NAIROBI, Kenya (Reuters) – Kenya Simbas head coach Paul Odera says the team is calm, easygoing and collected ahead of Saturday night’s Rugby World Cup 2023 qualifying quarterfinal match against Uganda in France.
A tough disciplinarian and a dedicated tactician, the tactician says the focus on the boys reminds him of the great European conquest teams Real Madrid, as well as the all-black and English sides who have previously won huge titles.
“The team looks good. Very focused. They’re pretty calm and they remind me of that when you look at the very good Real Madrid teams or the All Black teams that are performing at their best or even the England team that won the World Cup in 2003 or the South African team , who won the last World Cup,” said Odera capital sport.
“That’s the feeling I get when I see her. You are focused and ready for the challenge.”
The Simbas left the country for France last week and have settled in well over the past few days, sharpening their claws for their first bout against the Ugandans in the Quarters.
Coach Odera expects a tough duel against the neighbors but is quick to add that they did their homework right and will come out with a good performance.
“Uganda have become a better team, yes. How do we approach them? There is always a delicate balance and we cannot focus too much on Uganda and take our eyes off ourselves. We looked at what we’re doing well, we looked at what Uganda is doing well and what’s not doing well, and we came up with a plan. With every coach, there’s always hope that the players can implement the plan that day and we’re pretty confident in what we’ve done,” said the coach.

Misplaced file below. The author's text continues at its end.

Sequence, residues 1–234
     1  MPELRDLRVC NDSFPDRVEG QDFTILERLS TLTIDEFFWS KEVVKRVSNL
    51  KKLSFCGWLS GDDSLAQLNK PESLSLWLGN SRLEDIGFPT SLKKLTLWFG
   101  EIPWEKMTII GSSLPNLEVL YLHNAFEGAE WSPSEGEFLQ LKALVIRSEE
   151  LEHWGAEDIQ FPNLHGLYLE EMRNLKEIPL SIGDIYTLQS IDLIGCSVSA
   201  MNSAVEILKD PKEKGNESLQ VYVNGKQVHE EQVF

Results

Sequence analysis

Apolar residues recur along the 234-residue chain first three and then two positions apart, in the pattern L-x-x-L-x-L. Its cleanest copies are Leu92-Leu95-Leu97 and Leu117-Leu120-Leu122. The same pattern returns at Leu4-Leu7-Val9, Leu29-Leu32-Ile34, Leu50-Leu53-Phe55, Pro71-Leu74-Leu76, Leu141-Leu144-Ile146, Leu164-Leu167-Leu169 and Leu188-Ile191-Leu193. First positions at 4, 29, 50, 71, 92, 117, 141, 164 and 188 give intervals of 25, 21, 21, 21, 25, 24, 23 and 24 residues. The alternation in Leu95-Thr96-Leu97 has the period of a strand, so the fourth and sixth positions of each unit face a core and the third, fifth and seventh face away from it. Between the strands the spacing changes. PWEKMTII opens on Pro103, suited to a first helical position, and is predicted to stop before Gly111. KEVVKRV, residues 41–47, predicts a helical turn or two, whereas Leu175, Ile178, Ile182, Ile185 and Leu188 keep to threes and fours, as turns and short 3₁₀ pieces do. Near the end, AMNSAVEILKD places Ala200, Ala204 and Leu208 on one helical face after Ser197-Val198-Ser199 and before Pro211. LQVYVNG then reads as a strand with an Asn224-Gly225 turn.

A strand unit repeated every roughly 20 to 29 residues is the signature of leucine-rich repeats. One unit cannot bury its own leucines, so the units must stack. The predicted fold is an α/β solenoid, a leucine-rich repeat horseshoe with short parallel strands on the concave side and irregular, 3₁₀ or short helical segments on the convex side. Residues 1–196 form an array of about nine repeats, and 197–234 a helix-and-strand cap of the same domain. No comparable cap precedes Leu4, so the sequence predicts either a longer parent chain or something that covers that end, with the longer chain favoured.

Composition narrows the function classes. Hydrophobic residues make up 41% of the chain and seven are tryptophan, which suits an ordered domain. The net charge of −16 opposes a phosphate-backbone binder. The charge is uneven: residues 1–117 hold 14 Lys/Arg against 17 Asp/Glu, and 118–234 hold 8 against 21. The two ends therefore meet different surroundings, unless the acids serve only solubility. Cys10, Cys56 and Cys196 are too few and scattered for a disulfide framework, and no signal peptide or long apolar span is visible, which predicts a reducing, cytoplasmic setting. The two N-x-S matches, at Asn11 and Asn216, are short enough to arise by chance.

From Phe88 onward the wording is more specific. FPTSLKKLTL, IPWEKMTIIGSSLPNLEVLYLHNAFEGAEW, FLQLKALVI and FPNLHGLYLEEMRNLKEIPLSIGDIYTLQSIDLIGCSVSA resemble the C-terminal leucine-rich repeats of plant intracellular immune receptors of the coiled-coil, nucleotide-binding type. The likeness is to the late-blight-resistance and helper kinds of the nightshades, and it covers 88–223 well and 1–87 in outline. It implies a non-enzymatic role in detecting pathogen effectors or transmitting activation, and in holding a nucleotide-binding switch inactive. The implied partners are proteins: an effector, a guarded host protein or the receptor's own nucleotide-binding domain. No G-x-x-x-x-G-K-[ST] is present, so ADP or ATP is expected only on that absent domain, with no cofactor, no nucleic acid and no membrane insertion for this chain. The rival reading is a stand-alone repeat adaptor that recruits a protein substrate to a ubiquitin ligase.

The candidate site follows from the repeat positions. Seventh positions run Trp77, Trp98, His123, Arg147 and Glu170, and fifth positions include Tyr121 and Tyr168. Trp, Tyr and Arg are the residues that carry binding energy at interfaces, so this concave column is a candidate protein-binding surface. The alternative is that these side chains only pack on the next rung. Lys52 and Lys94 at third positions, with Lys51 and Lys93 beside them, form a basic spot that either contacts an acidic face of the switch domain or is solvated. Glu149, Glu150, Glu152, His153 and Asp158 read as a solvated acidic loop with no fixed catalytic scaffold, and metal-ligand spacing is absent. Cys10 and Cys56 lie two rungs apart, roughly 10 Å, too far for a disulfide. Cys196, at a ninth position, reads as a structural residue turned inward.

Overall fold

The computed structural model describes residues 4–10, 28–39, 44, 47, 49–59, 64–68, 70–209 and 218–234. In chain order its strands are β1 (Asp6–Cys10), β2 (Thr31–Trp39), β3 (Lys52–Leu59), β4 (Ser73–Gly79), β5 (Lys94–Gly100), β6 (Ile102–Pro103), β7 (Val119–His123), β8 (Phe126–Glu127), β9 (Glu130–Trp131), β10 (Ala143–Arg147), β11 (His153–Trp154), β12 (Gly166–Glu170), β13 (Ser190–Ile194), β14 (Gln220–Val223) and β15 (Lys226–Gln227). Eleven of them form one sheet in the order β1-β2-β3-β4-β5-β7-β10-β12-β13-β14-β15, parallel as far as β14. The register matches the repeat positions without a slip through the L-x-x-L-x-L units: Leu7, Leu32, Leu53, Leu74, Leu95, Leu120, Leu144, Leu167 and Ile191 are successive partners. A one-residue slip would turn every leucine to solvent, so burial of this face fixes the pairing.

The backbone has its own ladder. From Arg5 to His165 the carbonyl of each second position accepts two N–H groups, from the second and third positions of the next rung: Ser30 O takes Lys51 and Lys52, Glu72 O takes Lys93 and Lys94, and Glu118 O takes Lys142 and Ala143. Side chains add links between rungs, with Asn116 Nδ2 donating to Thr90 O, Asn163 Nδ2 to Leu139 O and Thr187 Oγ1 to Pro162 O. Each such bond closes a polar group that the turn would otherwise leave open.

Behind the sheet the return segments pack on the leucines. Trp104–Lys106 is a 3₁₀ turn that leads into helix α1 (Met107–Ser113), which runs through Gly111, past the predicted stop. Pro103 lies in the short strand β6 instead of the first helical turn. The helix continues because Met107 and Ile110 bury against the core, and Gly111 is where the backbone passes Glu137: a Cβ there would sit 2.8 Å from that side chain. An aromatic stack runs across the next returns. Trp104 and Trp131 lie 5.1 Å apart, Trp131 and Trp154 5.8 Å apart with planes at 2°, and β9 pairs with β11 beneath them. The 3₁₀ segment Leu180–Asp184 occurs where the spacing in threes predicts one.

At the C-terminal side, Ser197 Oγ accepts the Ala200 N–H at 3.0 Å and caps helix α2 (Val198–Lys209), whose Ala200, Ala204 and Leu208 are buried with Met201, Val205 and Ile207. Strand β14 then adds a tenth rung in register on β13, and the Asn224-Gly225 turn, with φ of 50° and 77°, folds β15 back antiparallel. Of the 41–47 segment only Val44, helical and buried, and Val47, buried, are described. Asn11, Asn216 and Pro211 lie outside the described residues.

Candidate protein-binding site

The Simbas travel to France with renewed confidence after playing two Currie Cup sides in Nairobi, beating both the EP Elephants and the Leopards.
Coach Odera believes the two games show how much the side have improved, especially after an 11-week training camp in South Africa.
The players have returned looking taller and fitter and Odera adds they are even more hungry for success.
“They are fitter, especially the tight five. It’s always been a concern how our props and second row hold up in terms of fitness. Now that’s a plus. They’re bigger, they’ve added like four or five kilos of muscle, and they’re more powerful and stronger,” he noted.
He adds; “The biggest plus was also her tactical awareness and style of play, which has really improved. Sometimes we were too naive when we played against strong opponents and even when we played against opponents that weren’t stronger and we weren’t able to shoot away on all fronts. We’ve made progress over the past 16 weeks.”
“If we apply what we have practiced, we should be able to put a lot of pressure on Uganda.”
He also says there is a certain level of pressure within the squad but notes they have turned it around for the better and will use it to spur their ambition on the pitch.
Meanwhile, the tactician says he is proud that a large number of players in the squad have progressed through youth level, particularly during his time as U20 national team coach.
“It shows that if we believe in a coach and allow him to build a structure, then that can always lead to success,” said the tactician.
Ten of the players who traveled to France are under-23s, most of whom won the Barthes Cup with him in 2019.